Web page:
But that is hardly damning. Although the APA suggests that there are no long-term benefits, they do not mention any long-term harm associated with taking the drug. Which to me, given the positive short-term effects of taking Ritalin, suggests we might as well feed it to our kids. However pretty soon evidence did emerge suggesting that long-term use of stimulants do indeed have harmful effects. By 1999, the NIMH had published research that investigated long-term stimulant use. After 14 months medicated children had experienced greater reduction in ADHD symptoms than children given a behavioral treatment. After 3 years, however, medicated children displayed increased ADHD symptomology, were slightly smaller and had higher delinquency scores. After 6 years, medicated children had worse symptoms of hyperactivity-impulsivity and oppositional defiant disorder, and were reported to be experiencing greater overall functional impairment.
In more recent times (2009) Western Australia conducted a long-term study into the use of ADHD drugs. They found that medicated children were 10 times more likely to be identified by teachers as performing at below age level academically than those not medicated. They also found that medicated children experienced worse ADHD symptoms and had higher diastolic blood pressure. Their conclusion; long-term use of stimulants in the treatment of ADHD is not beneficial.
Both of these studies provide damning evidence that the long-term effects of stimulant use may be harmful. But they hardly cover the incredible amount of other issues that have been associated with Ritalin. Charles Bradley, a psychiatrist from the early part of the 20th century, noticed that children who take Ritalin have blunted emotions, in other words they are stilled and no longer take pleasure from activities. Pediatrician Till Davy described medicated children as having ‘lost their sparkle’. UCLA Psychologists described ADHD medicated children as ‘passive, submissive and socially withdrawn’. Whilst James Swanson, the director of an ADHD center at the University of California, said that some medicated children ‘seem zombie like’.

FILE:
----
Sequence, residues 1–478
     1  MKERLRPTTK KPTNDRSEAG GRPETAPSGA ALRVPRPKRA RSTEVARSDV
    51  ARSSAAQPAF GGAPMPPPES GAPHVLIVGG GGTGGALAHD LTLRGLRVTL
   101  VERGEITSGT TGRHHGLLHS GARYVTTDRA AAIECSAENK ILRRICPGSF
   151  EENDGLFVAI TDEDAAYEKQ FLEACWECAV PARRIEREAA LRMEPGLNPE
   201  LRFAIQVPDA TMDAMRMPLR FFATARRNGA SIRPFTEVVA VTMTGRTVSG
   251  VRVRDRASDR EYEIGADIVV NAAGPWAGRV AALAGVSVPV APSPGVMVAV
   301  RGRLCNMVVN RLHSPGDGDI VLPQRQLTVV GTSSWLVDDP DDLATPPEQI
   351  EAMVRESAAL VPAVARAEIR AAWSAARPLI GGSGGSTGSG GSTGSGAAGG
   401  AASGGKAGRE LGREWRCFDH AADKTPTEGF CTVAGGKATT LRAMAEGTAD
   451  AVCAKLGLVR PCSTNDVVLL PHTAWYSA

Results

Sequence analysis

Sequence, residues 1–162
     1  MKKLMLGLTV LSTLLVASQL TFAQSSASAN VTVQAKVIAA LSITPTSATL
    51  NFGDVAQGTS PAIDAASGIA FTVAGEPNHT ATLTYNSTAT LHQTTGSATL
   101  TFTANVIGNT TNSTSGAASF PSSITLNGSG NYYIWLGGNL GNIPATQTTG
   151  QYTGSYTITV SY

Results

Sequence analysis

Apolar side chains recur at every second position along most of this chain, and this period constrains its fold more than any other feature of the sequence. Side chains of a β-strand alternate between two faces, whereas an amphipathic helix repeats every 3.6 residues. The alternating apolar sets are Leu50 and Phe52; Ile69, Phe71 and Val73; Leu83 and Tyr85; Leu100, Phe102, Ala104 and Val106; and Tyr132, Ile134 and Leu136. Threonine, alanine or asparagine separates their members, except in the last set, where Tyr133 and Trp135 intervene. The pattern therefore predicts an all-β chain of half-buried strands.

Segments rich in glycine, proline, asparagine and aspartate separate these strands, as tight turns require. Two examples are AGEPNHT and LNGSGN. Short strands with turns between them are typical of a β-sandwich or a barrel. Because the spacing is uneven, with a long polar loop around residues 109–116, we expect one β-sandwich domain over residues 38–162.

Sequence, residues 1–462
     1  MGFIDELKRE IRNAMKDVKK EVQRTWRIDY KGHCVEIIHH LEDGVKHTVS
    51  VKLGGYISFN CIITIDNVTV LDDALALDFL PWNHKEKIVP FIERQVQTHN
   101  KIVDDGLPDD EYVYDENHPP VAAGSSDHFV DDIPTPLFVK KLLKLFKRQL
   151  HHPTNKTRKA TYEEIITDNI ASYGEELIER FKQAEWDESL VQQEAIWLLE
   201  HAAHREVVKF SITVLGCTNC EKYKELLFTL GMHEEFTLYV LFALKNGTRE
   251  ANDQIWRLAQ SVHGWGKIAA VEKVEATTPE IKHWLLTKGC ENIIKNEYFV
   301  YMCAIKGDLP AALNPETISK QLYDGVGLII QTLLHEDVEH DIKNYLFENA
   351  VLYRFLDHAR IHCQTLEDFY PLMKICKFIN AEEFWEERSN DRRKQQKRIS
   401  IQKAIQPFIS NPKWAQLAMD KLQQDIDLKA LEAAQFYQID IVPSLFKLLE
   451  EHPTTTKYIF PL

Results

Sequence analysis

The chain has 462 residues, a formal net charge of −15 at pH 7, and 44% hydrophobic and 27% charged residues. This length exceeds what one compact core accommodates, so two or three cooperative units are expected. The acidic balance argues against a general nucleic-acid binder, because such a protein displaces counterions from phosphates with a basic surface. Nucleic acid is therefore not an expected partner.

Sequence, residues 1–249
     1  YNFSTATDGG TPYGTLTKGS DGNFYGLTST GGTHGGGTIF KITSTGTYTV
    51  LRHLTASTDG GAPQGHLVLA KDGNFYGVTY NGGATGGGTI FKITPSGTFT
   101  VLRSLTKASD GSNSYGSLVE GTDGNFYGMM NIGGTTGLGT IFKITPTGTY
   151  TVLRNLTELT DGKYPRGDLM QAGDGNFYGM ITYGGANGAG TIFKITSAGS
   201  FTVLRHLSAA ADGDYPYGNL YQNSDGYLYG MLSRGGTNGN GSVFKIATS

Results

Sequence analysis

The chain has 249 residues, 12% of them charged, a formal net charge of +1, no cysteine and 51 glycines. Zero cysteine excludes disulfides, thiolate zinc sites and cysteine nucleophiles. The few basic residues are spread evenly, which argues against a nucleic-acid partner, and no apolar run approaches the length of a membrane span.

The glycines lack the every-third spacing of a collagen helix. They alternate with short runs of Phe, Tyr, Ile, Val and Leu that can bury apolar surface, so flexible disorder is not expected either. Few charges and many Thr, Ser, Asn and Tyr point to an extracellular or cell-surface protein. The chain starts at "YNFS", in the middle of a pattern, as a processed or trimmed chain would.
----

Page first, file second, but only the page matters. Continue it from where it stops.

But that’s not it. ADHD children themselves report being ‘less happy, less pleased with themselves and more dysphoric’ according to University of Texas Psychologist Deborah Jacobvitz. These researchers added that medicated children made fewer friendships, had lower self-esteem and thought themselves as ‘bad’ or ‘dumb’ for having to take the pills. In addition to this, University of Minnesota Psychologist Alan Sroufe described how ‘reasoning, problem solving and learning’ are not positively affected in medicated children. Others, for example James Swanson, have since gone on to suggest that Ritalin use may ‘impair rather than improve learning’. There is also a host of other physical, emotional and psychiatric problems that tend to be associated with long-term stimulant use that I need not go in to here.
I am not an advocate of the diagnostic system. For me, the lines between a child diagnosed with ADHD and a naughty child have been muddled together, and this assertion is supported by the ever increasing numbers of children being told that they have the disorder. Nevertheless, I’m sure there are parents/teachers reading this blog pulling their hair out over their children who surely fall into this category of ADHD. I don’t wish to enter a debate about whether ADHD exists or not. It doesn’t really matter which words we use to describe the behavior. My point is that regardless of whether you take the stance that your child actually ‘is’ ADHD, or whether you take the stance that you have a child who simply displays problematic behaviors, be careful about jumping on The Ritalin Bandwagon as the long term effects of the drug are not positive. If I were you I would instead try to find a book about the way in which the principles of Applied Behavior Analysis can be used to change problematic behavior, I’d bet my mortgage that it would improve your chances of success.